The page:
We see semi-trailers all the time in modern life. Semi-trucks may haul a commercial truck trailer across town on local streets or across the country on our interstate system to efficiently transport goods.
Besides employing trailers for hauling, some companies use them as stationary platforms for storage and other uses. Whether used as trucking trailers or for other purposes, these trailers are versatile and economical. Because there are many sizes of trailers and trailer types, they can be easily adapted to many tasks.
Dozens of semi-trailer styles exist, and the many types of trailers can seem confusing sometimes. But the basic choices are really very simple. You can learn all about the different types of semi-trailers in this brief blog from Eagle Leasing and decide which is best for your needs.
Commonly called box or van semi-trailers, along with a variety of other less widely known names, these road trailers are long, rectangular steel boxes that are completely enclosed. Usually, there are doors at the back for loading and unloading, although doors may also be on the side.
The main advantage of these types of trailers is they help protect cargo from the elements, road debris, and thieves. They can also help keep the contents from spilling.
Trailers also are available with curtain sides to help protect the cargo. These are usually flexible synthetic curtains held down to protect loads.
Refrigerated trailers, often called reefers in the trucking trade, are box trailers equipped with refrigeration units. These enable truckers to safely haul meats and other perishable items that need to be kept cool to avoid spoilage.
Car carrier semi-trailers are built specifically to load and unload automobiles. Some are partially enclosed, but most aren’t. These are often used by car manufacturers to deliver new vehicles to automotive dealers. They are also popular with snowbirds. Instead of driving, these seasonal migrants hop on a plane and pay truckers to move their vehicles between their north and south residences at different seasons of the year.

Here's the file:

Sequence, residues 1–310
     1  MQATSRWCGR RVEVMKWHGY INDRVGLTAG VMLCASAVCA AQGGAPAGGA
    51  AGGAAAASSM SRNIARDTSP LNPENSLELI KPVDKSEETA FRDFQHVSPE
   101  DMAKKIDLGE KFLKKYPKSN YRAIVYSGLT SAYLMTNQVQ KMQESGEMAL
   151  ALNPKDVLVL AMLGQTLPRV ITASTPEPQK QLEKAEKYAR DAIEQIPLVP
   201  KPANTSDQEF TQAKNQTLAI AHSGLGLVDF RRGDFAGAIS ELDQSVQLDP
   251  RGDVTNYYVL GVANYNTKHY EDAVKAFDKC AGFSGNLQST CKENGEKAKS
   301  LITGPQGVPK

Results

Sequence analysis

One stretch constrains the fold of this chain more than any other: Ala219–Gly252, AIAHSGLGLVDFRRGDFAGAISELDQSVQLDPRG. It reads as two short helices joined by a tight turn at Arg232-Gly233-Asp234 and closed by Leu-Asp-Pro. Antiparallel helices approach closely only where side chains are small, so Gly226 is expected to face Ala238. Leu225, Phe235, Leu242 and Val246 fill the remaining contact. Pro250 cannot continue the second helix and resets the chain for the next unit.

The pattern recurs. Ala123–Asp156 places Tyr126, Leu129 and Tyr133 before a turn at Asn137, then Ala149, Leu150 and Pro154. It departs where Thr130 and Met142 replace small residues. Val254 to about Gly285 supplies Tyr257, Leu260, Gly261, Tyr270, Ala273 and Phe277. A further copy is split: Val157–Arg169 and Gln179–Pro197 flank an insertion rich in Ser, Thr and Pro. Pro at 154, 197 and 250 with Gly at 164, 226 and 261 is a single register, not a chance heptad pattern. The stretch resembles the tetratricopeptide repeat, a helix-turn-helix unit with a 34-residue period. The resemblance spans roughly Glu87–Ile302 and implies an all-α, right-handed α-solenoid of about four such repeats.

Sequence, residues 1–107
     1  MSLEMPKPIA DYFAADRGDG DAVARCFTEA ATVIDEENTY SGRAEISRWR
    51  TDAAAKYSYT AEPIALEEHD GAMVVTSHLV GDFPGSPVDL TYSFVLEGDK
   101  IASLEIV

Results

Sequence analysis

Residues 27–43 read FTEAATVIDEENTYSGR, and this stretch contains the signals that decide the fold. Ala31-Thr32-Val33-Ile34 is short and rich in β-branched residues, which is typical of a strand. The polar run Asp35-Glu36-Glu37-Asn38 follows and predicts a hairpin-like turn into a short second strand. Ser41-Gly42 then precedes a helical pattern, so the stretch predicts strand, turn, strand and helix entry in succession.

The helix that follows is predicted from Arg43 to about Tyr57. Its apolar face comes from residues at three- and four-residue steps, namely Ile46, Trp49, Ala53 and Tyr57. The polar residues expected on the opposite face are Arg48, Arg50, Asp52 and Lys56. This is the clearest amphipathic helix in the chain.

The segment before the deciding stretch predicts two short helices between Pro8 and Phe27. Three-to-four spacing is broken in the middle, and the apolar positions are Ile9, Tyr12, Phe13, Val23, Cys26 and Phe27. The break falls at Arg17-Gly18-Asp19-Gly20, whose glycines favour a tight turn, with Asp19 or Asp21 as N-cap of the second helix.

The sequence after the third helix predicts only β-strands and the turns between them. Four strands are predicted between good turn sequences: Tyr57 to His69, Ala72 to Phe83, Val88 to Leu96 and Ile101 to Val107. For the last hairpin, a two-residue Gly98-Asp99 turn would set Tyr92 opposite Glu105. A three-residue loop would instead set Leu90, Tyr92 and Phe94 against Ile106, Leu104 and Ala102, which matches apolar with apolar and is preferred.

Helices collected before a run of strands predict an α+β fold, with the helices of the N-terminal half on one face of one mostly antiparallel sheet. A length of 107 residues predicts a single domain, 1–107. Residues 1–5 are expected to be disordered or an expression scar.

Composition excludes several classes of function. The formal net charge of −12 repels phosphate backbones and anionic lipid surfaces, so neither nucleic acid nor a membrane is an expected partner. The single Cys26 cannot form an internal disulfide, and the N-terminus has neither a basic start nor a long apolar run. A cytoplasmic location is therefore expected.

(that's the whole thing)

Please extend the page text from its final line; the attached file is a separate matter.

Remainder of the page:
As their name implies, flatbed trailers have long, open beds without walls or a roof. The main advantage of flatbeds compared to box trailers is they can be easier to load.
This can be especially important when dealing with large, bulky, and heavy machinery that wouldn’t fit in a box trailer. Flatbed trailers are also often used for heavy materials like lumber, steel, and concrete products.
Although flatbeds do not offer the same protection from the elements and prying eyes as box trailers, the loads can be covered with tarps to provide some protection from weather, vandals and thieves.
There are several types of flatbed trailers. The most common kind has a flat floor and a bulkhead at the front between the truck and the trailer. Flatbeds often have removable side rails.
Drop-deck trailers are a type of flatbed. Sometimes called step-deck trailers, these trailers have beds that “step down” a level from where they are attached to the truck that’s hauling them. Double drop-deck trailers are used to haul equipment that is too tall for a flatbed or drop-deck. Also called lowboy trailers, they are essentially flatbeds in which the bed is set as low as possible. These trailers are often used to haul heavy equipment, major machinery, or any oversized cargo.
As the name suggests, tank semi-trailers are essentially large tanks on wheels. This type of trailer is used to haul many types of liquid products ranging from milk to gasoline. Specially manufactured tank trailers may also be used to haul industrial gases.